The Autism Leadership Award, delivered by the City of Wolverhampton Council's Special Educational Needs and Disabilities (SEND) Outreach Service in conjunction with the University of Wolverhampton, is aimed at SEND co-ordinators and enables local schools to have their own qualified Autism Leader.
SEND co-ordinators achieving the award will have an advanced understanding of the condition, and the approaches and interventions which are most likely to support this unique group of learners. They will also be able to share their knowledge and expertise throughout their schools, meaning that staff as a whole become increasingly competent and confident in enabling pupils with autism to engage in learning and achieve their potential.
Meredith Teasdale, the City of Wolverhampton Council's Director of Education, said: "The Autism Leadership Award is an integral part of our wider SEND strategy and will give people working in mainstream schools a much broader knowledge and understanding of autism, which in turn will impact directly on classroom practices."
Dr Ada Adeghe, Head of Academic and Workforce Development at the University of Wolverhampton, said: "We are delighted to be working with the SEND Outreach Service to support the teachers on the Autism Leaders’ course to form a tight professional learning community where together they can improve their knowledge and understanding of the particular needs of children and young people with autism.
“There is no doubt that we will see much improved professional support for them as a result of teachers’ engagement with this programme."
To date, staff from 20 mainstream schools are working towards their qualifications, focusing on key themes including communication and interaction and social and emotional needs, and Dr Eve Griffiths, coordinator of the Outreach Service, has said the course will run again in the next academic year, with enrolment beginning this June. To find out more, please visit Wolverhampton Information Network - Wolverhampton Outreach Service or email email@example.com.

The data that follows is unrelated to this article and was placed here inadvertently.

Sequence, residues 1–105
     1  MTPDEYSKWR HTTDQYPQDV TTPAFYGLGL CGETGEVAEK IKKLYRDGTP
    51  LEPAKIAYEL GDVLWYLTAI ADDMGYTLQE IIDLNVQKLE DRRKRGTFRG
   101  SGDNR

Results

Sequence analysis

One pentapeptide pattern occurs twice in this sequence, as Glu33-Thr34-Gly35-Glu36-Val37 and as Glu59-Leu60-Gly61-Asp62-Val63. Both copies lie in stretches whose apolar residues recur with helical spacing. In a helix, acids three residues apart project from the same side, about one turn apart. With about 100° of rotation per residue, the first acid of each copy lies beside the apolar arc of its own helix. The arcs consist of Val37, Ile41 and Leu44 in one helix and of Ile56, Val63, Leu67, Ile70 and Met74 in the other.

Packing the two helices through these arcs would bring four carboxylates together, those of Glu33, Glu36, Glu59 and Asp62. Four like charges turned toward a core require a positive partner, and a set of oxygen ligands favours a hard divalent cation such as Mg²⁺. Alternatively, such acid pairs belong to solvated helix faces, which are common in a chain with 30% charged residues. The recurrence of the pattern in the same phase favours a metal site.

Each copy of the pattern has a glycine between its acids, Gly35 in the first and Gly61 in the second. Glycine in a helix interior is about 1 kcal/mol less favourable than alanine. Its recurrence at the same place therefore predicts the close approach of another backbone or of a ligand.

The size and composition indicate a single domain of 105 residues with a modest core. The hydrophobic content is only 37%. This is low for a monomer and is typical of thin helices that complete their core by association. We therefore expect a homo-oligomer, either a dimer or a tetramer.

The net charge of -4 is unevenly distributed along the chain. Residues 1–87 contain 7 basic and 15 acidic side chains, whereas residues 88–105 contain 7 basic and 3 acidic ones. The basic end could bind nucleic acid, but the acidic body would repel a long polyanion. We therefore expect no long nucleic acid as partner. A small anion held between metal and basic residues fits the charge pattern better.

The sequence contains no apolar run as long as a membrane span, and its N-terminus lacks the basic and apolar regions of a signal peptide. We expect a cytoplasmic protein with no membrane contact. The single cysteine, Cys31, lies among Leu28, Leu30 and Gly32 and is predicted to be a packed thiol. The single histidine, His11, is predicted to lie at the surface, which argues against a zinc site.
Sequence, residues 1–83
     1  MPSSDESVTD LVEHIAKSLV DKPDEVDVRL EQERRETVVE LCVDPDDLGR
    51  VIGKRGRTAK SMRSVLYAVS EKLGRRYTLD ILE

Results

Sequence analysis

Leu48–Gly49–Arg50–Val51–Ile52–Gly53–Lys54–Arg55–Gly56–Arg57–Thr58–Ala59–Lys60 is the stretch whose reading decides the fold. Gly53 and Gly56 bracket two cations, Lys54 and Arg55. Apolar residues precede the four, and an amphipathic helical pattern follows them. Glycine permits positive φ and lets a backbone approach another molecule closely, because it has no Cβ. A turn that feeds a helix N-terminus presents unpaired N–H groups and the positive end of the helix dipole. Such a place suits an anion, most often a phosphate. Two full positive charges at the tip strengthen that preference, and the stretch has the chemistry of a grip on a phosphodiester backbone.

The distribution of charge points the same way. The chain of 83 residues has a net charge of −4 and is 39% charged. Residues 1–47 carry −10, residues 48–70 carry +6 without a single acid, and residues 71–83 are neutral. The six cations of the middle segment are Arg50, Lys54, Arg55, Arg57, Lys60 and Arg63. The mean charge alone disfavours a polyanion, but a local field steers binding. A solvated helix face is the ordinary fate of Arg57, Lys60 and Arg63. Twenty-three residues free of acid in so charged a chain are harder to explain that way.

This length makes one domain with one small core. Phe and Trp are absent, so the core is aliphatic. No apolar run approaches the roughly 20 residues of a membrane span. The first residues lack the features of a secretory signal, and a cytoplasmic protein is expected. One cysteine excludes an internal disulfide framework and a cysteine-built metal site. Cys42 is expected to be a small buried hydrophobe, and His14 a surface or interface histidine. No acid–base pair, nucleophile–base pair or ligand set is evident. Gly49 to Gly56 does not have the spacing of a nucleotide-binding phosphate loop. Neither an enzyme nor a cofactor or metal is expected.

Tamsin Davis, Headteacher at St Andrew’s Church of England Primary School, said: "We have noticed an increase in the number of children who have been diagnosed with autism spectrum disorder, are in the process of being diagnosed or at the very least show some traits of it, in recent years. Currently, we rely heavily on the excellent outreach support that is available to us in Wolverhampton, but whilst we value this support we also recognise that the capacity to fully meet the needs of these learners cannot come from this support alone.
"As a school we acknowledged that there was a need for us to be better informed, even qualified, to meet the needs of our autistic learners, and the Autism Leader Award is the perfect way to fill this gap."
St Anthony’s Catholic Primary School Deputy Headteacher Julie Humphries added: "It is essential that we are able to identify and meet these needs of and provide the most effective support to the young people with autism and their families.
“The Autism Leadership Award will no doubt lead to improved practice through a deeper understanding and result in improved experiences for our most vulnerable pupils, and we thank the council for seeing this as a priority for our city."
Coordinator Dr Griffiths said: “I would like to thank everyone within the council who have pulled together to bring the Autism Leaders’ Award to fruition, and everyone who has given up their time to plan and deliver content. It’s exciting to have colleagues from different parts of the council working together in this way.”
Wolverhampton is working to become an Autism Friendly City, by becoming a place where people with autism feel safe, understood and supported, have the same opportunities as anyone else, can live the life they choose, receive personalised support when they need it, enjoy meaningful activities and play an active part in their community.